This is the 72nd set of selections in The Goldmine Hall of Fame.
Goldmine will be announcing 5 inductees approximately every three weeks until all 700-plus inductees are announced. Bios of all selections and criteria for induction can be found on our website by clicking the Goldmine Hall of Fame tab. A running list of all announced inductees will be listed, also. These also can be found under “Great Blogs Of Fire” at the bottom of the page or by following this link – http://www.goldminemag.com/blogs/goldmine-hall-of-fame-inductees
Daily Telegraph music critic Neil McCormick said this German musical force “might be the most influential group in pop history” and the English publication The Observer opined “no other band since the Beatles has given so much to pop culture.” Of course “influence” is merely a matter of opinion, and the above statements may be considered downright ludicrous by some, but Kraftwerk has been called an inspiration by many top recording artists, David Bowie, Blondie and U2 just to name a few, and its impact is such that in 2014 Kraftwerk was gifted with a Grammy Lifetime Achievement Award.
Started by Florian Schneider (flutes, synthesizer and electro-violin) and Ralf Hutter after one LP release in a quintet called the Organisation, Kraftwerk released three albums, “Kraftwerk” in 1970, “Kraftwerk 2” in 1972 and “Ralf und Florian” in 1973, the first two landing in the German top 40, but having little sales impact elsewhere. However, with the 1974 release of “Autobahn,” which saw the duo reinforced by guitarist Klaus Roder and percussionist Wolfgang Flur, Kraftwerk became an international success. The title song, a 23-minute epic taking up the entire first side of the LP, was edited to just over three minutes and became a hit even in the U.S. where it reached #25 on Billboard’s Hot 100. The album did much better, peaking at #5 on Billboard’s Top 200, a slot equaled in Canada and bettered in the U.K., where it climbed to #4. It also achieved top 10 status in Australia and New Zealand.
Interest in Kraftwerk waned in the U.S. after “Autobahn’s” success, no other Kraftwerk single coming close to hit status and just one album, 1981’s “Computer World,” climbing into the upper half of Billboard’s Top 200 chart. But in Europe, Kraftwerk was just starting its long run as chart-makers. In 1981, “Computer Love” from the “Computer World” LP reached just #36 in the U.K., but its flipside, “The Model,” soon began drawing attention and soared to #1 in the U.K and #4 in Ireland. Other top 10 successes on the single front came in 1976 when “Radioactivity” reached #7 in France, 1981, which saw “Pocket Calculator” climb to #2 in Italy and 1983, when “Tour De France” reached #6 in Sweden. But Kraftwerk’s main strength has been in its albums, placing them among the world’s best sellers.
Schneider’s last performance with Kraftwerk was in 2006, but Hütter remains. Henning Schmitz was the group’s sound engineer starting in 1978, then joined on electronic percussion and live keyboards in 1991, and Fritz Hilpert has been Kraftwerk’s electronic percussionist since 1987. Other long-term members meriting Miners are Flur, percussionist from 1973 to 1987, and Karl Bartos, who contributed electronic percussion and live vibraphone and keyboards from 1975 to 1991.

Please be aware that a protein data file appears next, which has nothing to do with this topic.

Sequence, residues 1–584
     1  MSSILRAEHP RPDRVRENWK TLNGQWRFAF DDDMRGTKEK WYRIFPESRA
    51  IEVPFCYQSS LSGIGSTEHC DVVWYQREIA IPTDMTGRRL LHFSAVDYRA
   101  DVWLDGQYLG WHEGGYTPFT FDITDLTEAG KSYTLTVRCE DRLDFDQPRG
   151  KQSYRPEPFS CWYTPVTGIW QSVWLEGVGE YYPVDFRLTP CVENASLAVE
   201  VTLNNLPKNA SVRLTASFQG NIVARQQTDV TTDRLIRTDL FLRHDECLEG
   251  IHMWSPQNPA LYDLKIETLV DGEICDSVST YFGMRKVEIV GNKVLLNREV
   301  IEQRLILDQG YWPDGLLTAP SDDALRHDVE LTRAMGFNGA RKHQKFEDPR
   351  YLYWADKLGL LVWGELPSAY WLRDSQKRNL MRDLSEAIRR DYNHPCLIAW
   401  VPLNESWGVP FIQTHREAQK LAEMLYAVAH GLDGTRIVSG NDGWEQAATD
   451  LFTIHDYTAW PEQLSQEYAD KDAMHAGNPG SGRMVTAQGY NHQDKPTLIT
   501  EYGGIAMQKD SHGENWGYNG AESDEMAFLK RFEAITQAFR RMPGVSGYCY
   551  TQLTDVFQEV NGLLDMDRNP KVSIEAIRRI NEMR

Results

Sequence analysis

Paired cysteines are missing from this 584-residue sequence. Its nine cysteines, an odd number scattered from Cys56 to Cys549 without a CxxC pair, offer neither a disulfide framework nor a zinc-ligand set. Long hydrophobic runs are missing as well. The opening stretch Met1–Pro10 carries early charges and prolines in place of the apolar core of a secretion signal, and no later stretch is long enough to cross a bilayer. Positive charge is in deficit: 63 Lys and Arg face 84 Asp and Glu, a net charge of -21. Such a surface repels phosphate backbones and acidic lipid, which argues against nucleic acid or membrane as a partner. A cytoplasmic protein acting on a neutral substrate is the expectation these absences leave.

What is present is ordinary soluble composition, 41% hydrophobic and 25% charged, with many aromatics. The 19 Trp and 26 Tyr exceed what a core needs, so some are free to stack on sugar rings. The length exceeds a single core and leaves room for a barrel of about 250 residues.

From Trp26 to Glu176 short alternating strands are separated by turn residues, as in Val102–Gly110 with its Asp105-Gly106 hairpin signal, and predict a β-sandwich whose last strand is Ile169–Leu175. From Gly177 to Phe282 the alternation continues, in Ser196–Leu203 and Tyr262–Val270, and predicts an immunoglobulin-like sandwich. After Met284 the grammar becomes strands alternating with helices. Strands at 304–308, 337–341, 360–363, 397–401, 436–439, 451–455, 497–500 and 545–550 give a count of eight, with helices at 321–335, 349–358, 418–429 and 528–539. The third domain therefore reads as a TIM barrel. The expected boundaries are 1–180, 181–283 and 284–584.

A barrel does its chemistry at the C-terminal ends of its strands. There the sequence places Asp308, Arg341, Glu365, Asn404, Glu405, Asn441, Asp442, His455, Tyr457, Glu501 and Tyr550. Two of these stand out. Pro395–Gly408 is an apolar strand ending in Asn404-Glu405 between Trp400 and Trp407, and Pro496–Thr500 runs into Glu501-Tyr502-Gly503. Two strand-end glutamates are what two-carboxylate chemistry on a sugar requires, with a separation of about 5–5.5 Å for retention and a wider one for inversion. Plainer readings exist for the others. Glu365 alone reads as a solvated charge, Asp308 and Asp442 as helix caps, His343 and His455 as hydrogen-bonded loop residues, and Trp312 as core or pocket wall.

587. BUCK OWENS & THE BUCKAROOS
This Texan has been inducted into the Country Music Hall of Fame and the Nashville Songwriters Hall of Fame. His band, which also had hit LPs on its own, was named the #2 Greatest Country Band of All Time by Country Music Television behind Emmylou Harris & the Hot Band, was named “Band of the Year” by the Academy of Country Music four years running (1965-68) and won Country Music Awards for “Instrumental Group of the Year” in 1967 and 1968. Their recordings were covered by The Beatles, Johnny Rivers and Ray Charles, to name a few. And, they starred on the hit TV show Hee Haw.
It’s no wonder Buck Owens & the Buckaroos are legendary even today. Starting with 1964’s “Together Again,” Owens and his group reeled off four straight #1 LPs on Billboard’s chart of leading Country albums, three also landing on Billboard’s Top 200. Later that year, “I Don’t Care” followed “Together Again” to the top and the next year, two more releases, “I’ve Got A Tiger By The Tail” and “Before You Go,” also reached #1. “The Instrumental Hits of Buck Owens & His Buckaroos,” released simultaneously with “Before You Go” snapped the string, stopping at #4, but the next seven LPs from 1966 to 1968 all topped the Country chart, including two live LPS, “Carnegie Hall Concert” and “In Japan!” Twelve more Owens long-players reached the Country top 10.
Owens and his band recorded many memorable singles, the first hit being “Under Your Spell Again,” which climbed to #4 on the Country chart and was later covered by Rivers. Owens followed with six more top 10 entries, three reaching #2, but didn’t get his first #1 hit until 1963’s “Act Naturally,” famously covered by The Beatles with Ringo on lead vocal. The next 13 Owens singles also hit #1, including “I Don’t Care (Just As Long As You Love Me),” also a #1 in Canada. “It Takes People Like You (To Make People Like Me)” stopped the streak, stalling at U.S. #2, but became Owens’ second #1 north of the border. Owens subsequently added four more #1s in the U.S. and five in Canada, the final being 1972’s “Made In Japan.”
In 1974, the Buckaroos’ guitarist and Owens’ best friend, Don Rich, was killed in a motorcycle accident and, though his recordings had sizeable success the rest of the decade, Owens was so crushed he said, “…I think my music life ended when he did.” Along with Owens and Rich, our inductees are drummer Willie Cantu, Doyle Holly on bass and Tom Brumley on pedal steel. Those five are considered the classic lineup, though recordings were augmented by a host of others.
588. JOHNNY MAESTRO
It’s difficult enough to be the lead singer of one extremely popular group. To be the lead singer of two is a rarity, especially when the two soar to great success in two different eras. This New York City vocalist managed such an achievement.